Williams et al v. Biomet Inc et al

Filing 113

OPINION AND ORDER: GRANTING 73 MOTION to remand. This case is hereby REMANDED to the Circuit Court of St. Louis County, Missouri for further proceedings ***Civil Case Terminated. Signed by Judge Robert L Miller, Jr on 2/29/16. (jld)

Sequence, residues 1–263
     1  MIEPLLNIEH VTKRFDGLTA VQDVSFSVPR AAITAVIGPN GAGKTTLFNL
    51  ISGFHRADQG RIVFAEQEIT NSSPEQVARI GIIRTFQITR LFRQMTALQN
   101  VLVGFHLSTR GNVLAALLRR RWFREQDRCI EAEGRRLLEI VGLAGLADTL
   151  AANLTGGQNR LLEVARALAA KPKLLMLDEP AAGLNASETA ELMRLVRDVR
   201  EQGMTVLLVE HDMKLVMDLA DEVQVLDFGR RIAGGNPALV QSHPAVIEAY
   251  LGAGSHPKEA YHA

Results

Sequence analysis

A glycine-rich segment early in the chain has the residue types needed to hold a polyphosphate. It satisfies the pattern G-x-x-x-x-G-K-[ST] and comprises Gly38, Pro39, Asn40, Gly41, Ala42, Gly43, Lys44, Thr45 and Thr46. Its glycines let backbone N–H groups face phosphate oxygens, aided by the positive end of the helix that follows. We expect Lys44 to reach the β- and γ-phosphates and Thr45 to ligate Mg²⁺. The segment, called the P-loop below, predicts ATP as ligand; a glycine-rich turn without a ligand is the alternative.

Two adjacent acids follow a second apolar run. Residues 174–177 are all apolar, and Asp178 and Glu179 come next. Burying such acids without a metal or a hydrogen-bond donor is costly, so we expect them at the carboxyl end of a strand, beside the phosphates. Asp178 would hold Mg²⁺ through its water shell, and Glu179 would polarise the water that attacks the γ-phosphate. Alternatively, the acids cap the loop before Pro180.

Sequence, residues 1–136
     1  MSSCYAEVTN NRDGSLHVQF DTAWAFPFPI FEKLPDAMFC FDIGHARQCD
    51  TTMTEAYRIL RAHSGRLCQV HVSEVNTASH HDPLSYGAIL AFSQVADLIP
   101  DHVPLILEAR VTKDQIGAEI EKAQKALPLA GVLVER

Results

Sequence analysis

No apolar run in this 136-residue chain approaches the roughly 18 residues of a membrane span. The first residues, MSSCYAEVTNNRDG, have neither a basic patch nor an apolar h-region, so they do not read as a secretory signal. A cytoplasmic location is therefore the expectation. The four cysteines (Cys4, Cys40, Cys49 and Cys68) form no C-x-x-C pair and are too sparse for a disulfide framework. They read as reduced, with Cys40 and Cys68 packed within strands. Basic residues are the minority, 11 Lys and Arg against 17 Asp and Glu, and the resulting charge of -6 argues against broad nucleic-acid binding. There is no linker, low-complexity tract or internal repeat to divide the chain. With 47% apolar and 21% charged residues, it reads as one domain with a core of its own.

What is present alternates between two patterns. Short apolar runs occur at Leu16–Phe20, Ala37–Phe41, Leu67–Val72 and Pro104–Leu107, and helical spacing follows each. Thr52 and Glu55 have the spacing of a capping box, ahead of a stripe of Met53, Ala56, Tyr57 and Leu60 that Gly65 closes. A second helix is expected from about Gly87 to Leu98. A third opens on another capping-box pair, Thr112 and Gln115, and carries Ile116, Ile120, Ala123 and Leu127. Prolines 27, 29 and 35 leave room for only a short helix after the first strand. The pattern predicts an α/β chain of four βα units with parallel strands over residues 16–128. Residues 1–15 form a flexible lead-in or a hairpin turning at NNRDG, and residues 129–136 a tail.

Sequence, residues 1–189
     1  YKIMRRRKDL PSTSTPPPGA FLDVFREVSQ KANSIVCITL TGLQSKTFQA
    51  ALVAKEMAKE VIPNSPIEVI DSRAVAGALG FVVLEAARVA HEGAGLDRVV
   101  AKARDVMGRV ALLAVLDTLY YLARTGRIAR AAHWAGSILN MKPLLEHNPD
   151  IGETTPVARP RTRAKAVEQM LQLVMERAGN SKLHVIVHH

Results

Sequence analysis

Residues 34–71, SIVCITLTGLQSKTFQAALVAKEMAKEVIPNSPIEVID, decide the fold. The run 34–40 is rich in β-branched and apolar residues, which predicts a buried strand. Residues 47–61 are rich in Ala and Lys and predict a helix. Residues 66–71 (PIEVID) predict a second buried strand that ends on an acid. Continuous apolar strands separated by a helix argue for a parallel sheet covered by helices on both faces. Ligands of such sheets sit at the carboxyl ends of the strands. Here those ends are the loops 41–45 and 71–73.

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UNITED STATES DISTRICT COURT NORTHERN DISTRICT OF INDIANA SOUTH BEND DIVISION BERNA WILLIAMS AND WILLIAM D. WILLIAMS, PLAINTIFFS, VS. BIOMET, INC. ET AL., DEFENDANTS. ) ) ) ) ) ) ) ) ) ) CAUSE NO. 3:14-CV-1955-RLM-CAN OPINION and ORDER Berna and William Williams brought suit in Missouri state court against four Biomet companies and Select Orthopedics, Inc., Biomet’s distributor in Missouri. The Williamses allege that Berna Williams’s M2a-Magnum hip implant caused her injury, and bring claims for negligence, strict product liability, misrepresentation, failure to warn, breach of implied warranty, breach of express warranty, loss of consortium, and violation of the Missouri Consumer Protection Act. The defendants removed the case to the Eastern District of Missouri based on diversity of citizenship under 28 U.S.C. § 1446, and the Judicial Panel on Multidistrict Litigation transferred the case into the Biomet multi-district litigation docket. This matter is before me on the Williamses’ motion to remand, which argues that there isn’t complete diversity of citizenship. For diversity purposes, the Williamses and Select are citizens of Missouri,1 and the four Biomet defendants are citizens of Indiana. Biomet designed and manufactured Mrs. Williams’s hip implant, while Select marketed, sold, and distributed the implant. The defendants removed this case to federal court on the argument that Select’s citizenship should be disregarded for diversity purposes, because Select was fraudulently joined due to the Williamses’ inability to prevail on any claim against it. The Williamses now argue that removal was improper, because they have valid claims against Select in state court, so joinder of Select wasn’t fraudulent. For a federal court to have jurisdiction over a suit based on diversity, there must be complete diversity of citizenship – no defendant may share the citizenship of any plaintiff. 28 U.S.C. § 1332(a). A plaintiff can’t fraudulently join a non-diverse defendant solely for the purpose of destroying diversity jurisdiction. Schur v. L.A. Weight Loss Ctrs., Inc., 577 F.3d 752, 763 (7th Cir. 2009). “Fraudulent” in this context doesn’t necessarily mean bad faith on the In their response to the remand motion, the defendants point out that the complaint alleges the Williamses are “residents” of Missouri, but says nothing about their citizenship. To the extent that the defendants argue remand is inappropriate because the Williamses’ citizenship hasn’t been adequately established, they are judicially estopped from making such an argument. In its Notice of Removal, Biomet alleged that the Williamses “are citizens and residents of St. Louis County, in the State of Missouri.” Having itself relied on the Williamses’ Missouri citizenship and successfully removed this case based on it, Biomet can’t argue to the contrary now. See Grochocinski v. Mayer Brown Rowe & Maw, LLP, 719 F.3d 785, 795 (7th Cir. 2013) (discussing the equitable doctrine of judicial estoppel as one that “protects the courts from being manipulated by chameleonic litigants who seek to prevail, twice, on opposite theories.”). 1 -2- part of a plaintiff; it means that the claims against the non-diverse defendant have no realistic chance of success. Poulos v. Naas Foods, Inc., 959 F.2d 69, 73 (7th Cir. 1992). To decide whether joinder was fraudulent in this sense, a court must ask whether, “after resolving all issues of fact and law in favor of the plaintiff . . . there is any reasonable possibility that the plaintiff could prevail against the non-diverse defendant.” Schur v. L.A. Weight Loss Ctrs., 577 F.3d 752, 764 (7th Cir. 2009) (internal quotation marks omitted). The party seeking removal – or, as here, resisting remand – bears the heavy burden of showing that joinder was fraudulent. Id. at 763. If the removing defendant meets its heavy burden of demonstrating fraudulent joinder, the district court “may ‘disregard’ the nondiverse defendant” for jurisdictional purposes, such that the fraudulent joinder doctrine acts as “an ‘exception’ to the requirement of complete diversity.” Morris v. Nuzzo, 718 F.3d 660, 666 (7th Cir. 2013) (quoting Walton v. Bayer Corp., 643 F.3d 994, 999 (7th Cir. 2011)). In deciding whether a defendant has been fraudulently joined, a court isn’t limited to the pleadings and may consider summary judgment-type evidence such as affidavits. Millman v. Biomet Orthopedics, Inc., No. 3:13-CV-77 RLMCAN, 2013 WL 6498394, at *2 (N.D. Ind. Dec. 10, 2013); Siegel v. H Group Holding, Inc., No. 07 C 6830, 2008 WL 4547334, at * 3 (N.D. Ill. Apr. 9, 2008) (“[A] limited use of affidavits and other evidence is permissible so long as the evidence is not used to ‘pre-try’ the case.”). The fraudulent joinder analysis requires a district court to apply state law to determine whether the plaintiff -3- would have any reasonable possibility of success against the non-diverse defendant in state court. Schur v. L.A. Weight Loss Centers, Inc., 577 F.3d 752, 764 (7th Cir. 2009). The parties agree that Missouri law governs this case. The defendants believe Select can’t be held liable in Missouri court due to Missouri’s Innocent Seller Statute, which protects mere sellers from product liability. The statute provides: 1. A defendant whose liability is based solely on his status as a seller in the stream of commerce may be dismissed from a products liability claim as provided in this section. 2. This section shall apply to any products liability claim in which another defendant, including the manufacturer, is properly before the court and from whom total recovery may be had for plaintiff’s claim. (Mo. Ann. Stat. § 537.762). The defendants argue that because this statute will result in the immediate dismissal of any claim against Select in Missouri court, Select’s citizenship doesn’t count for diversity analysis and this case was properly removed. While the Innocent Seller Statute may apply to several of the Williamses’ claims, the statute’s plain language doesn’t appear to reach others – and joinder is proper if even one state court claim has a reasonable probability of success. Count 3 of the complaint, titled “Misrepresentation against Select,” is the clearest example of a claim to which the Innocent Seller Statute doesn’t seem to apply. In that count, the Williamses allege that Select made various material misrepresentations and omissions about the Magnum implants in communications to the Williamses and to their orthopedic surgeon, Dr. Maylack, -4- and that the Williamses justifiably relied on these misrepresentations and consequently suffered a loss. Select’s liability under this theory isn’t based solely on its role as seller, as the Innocent Seller Statute requires; rather, liability is based on Select’s misrepresentations and omissions in communicating with the Williamses and their doctor about the implant. The heart of the misrepresentation claim isn’t Select’s status as seller, but rather particular false statements it made in the course of business. The Missouri Innocent Seller Statute doesn’t protect sellers or middlemen from claims that depend on their own culpable conduct, rather than simply on their status as sellers of an allegedly defective product. See Malone v. Schapun, Inc., 965 S.W.2d 177, 182 (Mo. Ct. App. 1997), opinion adopted and reinstated after retransfer (June 1, 1998) (noting that under the Innocent Seller Statute, “a seller is still liable for its own negligence or other conduct other than its status as a seller in the stream of commerce.”). That the Innocent Seller Statute doesn’t apply to claims against sellers for misrepresentation is consistent with the purpose of the statute, which is generally to “to protect a seller from becoming principally liable when there is a culpable manufacturer or other culpable upline supplier.” Malone v. Schapun, 965 S.W.2d at 182. Unlike most types of product liability and failure to warn claims, a misrepresentation claim doesn’t necessarily involve a culpable upstream manufacturer at all; even a completely defect-free product manufactured by a wholly innocent manufacturer can give rise to a claim for -5- misrepresentation, if the seller lies to a consumer about the product’s features. The statute’s purpose is to protect innocent sellers where culpable manufacturers can be sued instead. A misrepresentation claim involves a seller who isn’t innocent and a manufacturer who may or may not be culpable, so it’s a poor fit for the Innocent Seller Statute. The defendants insist that the Innocent Seller Statute applies to all the Williamses’ claims, but don’t discuss why the statute would apply to misrepresentation claims specifically. Although they bear the burden of showing that joinder is fraudulent (and therefore that the Williamses’ claims are doomed), the defendants point only to cases applying the statute to bar product liability and failure to warn claims. They identify no authority applying the Innocent Seller Statute to defeat a misrepresentation claim. At least one federal court applying Missouri law has denied a motion to remand when fraud and misrepresentation were alleged, reasoning that because the complaint alleged that the non-diverse seller knew of the product’s history of failures and misrepresented them, the Innocent Seller Statute didn’t apply and the plaintiff could state a colorable claim against the seller. See Morrison v. Sperian Prot., No. 4:09CV798 JCH, 2009 WL 2253464, at *4 (E.D. Mo. July 28, 2009). In the absence of any authority to the contrary, I find this reasoning persuasive – particularly because in the fraudulent joinder analysis, I must view all factual and legal questions in the light most favorable to the Williamses. Schur v. L.A. Weight Loss Ctrs., 577 F.3d at 764. -6- In their Notice of Removal, the defendants argued that the Williamses can’t bring a colorable claim against Select for misrepresentation because the affidavit of David Whitman, the principal for Select, establishes that Select never made any representations to the Williamses at all. Mr. Whitman testifies that to his personal knowledge, no representative of Select “has ever had any direct dealings or communications with” the Williamses. This testimony doesn’t eliminate all reasonable possibility that the Williamses can prevail on their misrepresentation claim against Select. For one thing, Mr. Whitman’s testimony denies only the alleged communications between Select and the Williamses themselves, while the misrepresentation count in the complaint also alleges that Select made misrepresentations to the Williamses’ orthopedic surgeon. Moreover, Mr. Whitman testifies only that he has no personal knowledge of agents of Select communicating with the Williamses, which doesn’t prove that no such communication could have taken place. In light of the complaint’s allegations that Select misrepresented facts about the Magnum implant to the Williamses and their doctor, Mr. Whitman’s affidavit isn’t enough to satisfy the defendants’ heavy burden of showing no reasonable possibility that the Williamses could prevail on a misrepresentation claim against Select in a Missouri court. Because the Williamses state a misrepresentation claim such that Missouri law might impose liability upon Select under the facts of this case, it isn’t necessary to address the other issues raised by the parties – such as whether another subsection of the Innocent Seller Statute limits the statute’s -7- jurisdictional effects, and if so whether that subsection is unconstitutional. The misrepresentation claim at least is not clearly barred by Missouri’s Innocent Seller Statute, and therefore Select’s joinder is not fraudulent, there is no complete diversity of citizenship, and this court lacks subject matter jurisdiction. Accordingly, the Williamses’ motion to remand (Doc. No. 73) is GRANTED. This case is hereby REMANDED to the Circuit Court of St. Louis County, Missouri for further proceedings. SO ORDERED. ENTERED: February 29, 2016 /s/ Robert L. Miller, Jr. Judge United States District Court -8-